So what if she changes her name? So what if she changes the way she talks? So what if she’s seeing her neighborhood in a different way? But then light is shed on some hard truths: It isn’t that her father doesn’t want to come home—he can’t…and her whole family is in jeopardy. And when racial tensions at school reach a fever pitch, the walls that divide feel insurmountable.But a wall isn’t always a barrier. It can be a foundation for something better. And Liliana must choose: Use this foundation as a platform to speak her truth, or risk crumbling under its weight.”
—Simon & Schuster
by Marcia Argueta Mickelson
“In the spring of 2018, Guatemalan American high school senior Milagros ‘Millie’ Vargas knows her life is about to change. She’s lived in Corpus Christi, Texas, ever since her parents sought asylum there when she was a baby.
Now a citizen, Millie devotes herself to school and caring for her younger siblings while her mom works as a housekeeper for the wealthy Wheeler family. With college on the horizon, Millie is torn between attending her dream school and staying close to home, where she knows she’s needed. She’s disturbed by what’s happening to asylum-seekers at the U.S.-Mexico border, but she doesn’t see herself as an activist or a change-maker. She’s just trying to take care of her own family.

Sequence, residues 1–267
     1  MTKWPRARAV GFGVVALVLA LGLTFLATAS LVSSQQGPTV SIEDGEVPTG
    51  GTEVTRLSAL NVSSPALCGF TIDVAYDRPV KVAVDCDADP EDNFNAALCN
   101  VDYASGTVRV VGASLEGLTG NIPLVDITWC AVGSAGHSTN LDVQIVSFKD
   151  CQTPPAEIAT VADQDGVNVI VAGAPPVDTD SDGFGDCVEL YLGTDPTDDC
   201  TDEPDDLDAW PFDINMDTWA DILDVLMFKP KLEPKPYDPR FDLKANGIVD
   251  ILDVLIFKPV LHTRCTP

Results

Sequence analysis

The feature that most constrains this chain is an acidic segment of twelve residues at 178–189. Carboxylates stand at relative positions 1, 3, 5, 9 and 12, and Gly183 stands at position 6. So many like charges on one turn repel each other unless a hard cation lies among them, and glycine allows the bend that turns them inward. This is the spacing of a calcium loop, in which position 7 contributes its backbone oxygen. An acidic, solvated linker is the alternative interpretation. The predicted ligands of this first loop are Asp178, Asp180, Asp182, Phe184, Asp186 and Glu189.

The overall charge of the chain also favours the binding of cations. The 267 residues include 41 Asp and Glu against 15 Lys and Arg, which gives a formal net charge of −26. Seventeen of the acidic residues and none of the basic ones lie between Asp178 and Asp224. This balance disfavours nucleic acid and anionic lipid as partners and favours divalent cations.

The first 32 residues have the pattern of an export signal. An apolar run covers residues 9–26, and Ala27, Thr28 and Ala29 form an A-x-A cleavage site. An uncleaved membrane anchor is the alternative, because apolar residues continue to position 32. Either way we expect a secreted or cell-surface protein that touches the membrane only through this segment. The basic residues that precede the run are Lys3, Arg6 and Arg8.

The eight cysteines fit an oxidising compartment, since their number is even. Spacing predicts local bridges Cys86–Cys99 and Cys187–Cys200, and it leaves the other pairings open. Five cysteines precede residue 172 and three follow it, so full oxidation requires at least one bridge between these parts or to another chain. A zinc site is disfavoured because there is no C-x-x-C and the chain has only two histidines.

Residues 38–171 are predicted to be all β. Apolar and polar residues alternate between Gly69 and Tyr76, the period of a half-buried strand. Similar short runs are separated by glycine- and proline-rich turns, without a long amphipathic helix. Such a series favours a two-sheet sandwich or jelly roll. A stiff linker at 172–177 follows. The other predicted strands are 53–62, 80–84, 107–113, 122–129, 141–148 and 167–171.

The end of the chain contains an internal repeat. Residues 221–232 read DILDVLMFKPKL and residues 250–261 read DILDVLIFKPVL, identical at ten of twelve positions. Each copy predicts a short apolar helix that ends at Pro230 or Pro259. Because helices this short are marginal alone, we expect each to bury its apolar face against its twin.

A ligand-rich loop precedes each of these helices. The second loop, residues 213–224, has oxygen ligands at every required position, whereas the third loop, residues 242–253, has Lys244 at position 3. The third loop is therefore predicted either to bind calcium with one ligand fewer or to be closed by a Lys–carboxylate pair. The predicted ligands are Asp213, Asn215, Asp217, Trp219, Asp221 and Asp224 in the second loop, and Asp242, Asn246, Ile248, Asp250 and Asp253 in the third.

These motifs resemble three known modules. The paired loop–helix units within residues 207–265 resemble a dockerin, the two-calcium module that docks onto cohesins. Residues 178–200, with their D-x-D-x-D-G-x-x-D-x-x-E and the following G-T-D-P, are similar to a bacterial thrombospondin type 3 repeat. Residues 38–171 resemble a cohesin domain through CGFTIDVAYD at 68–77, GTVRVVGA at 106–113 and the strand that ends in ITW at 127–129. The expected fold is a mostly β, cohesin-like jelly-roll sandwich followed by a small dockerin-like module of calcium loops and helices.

Then Mr. Wheeler, a U.S. Senate candidate, mentions Millie’s achievements in a campaign speech about ‘deserving’ immigrants; it doesn’t take long for people to identify Millie’s family and place them at the center of a statewide immigration debate. Faced with journalists, trolls, anonymous threats, and the Wheelers' good intentions―especially those of Mr. Wheeler's son, Charlie―Millie must confront the complexity of her past, the uncertainty of her future, and her place in the country that she believed was home.” ―Carolrhoda Lab
When We Make It
by Elisabet Velasquez
“Sarai is a first-generation Puerto Rican eighth grader who can see with clarity the truth, pain, and beauty of the world both inside and outside her Bushwick apartment. Together with her older sister Estrella, she navigates the strain of family traumas and the systemic pressures of toxic masculinity and housing insecurity in a rapidly gentrifying Brooklyn. Sarai questions the society around her, her Boricua identity, and the life she lives with determination and an open heart, learning to celebrate herself in a way that she has been denied.
When We Make It is a love letter to anyone who was taught to believe that they would not make it. To those who feel their emotions before they can name them. To those who still may not have all the language but they have their story. Velasquez’ debut novel is sure to leave an indelible mark on all who read it.” ―Dial Books
Facing History and Ourselves invites educators to use our resource collection Latinx Rights in 1960s California in the classroom.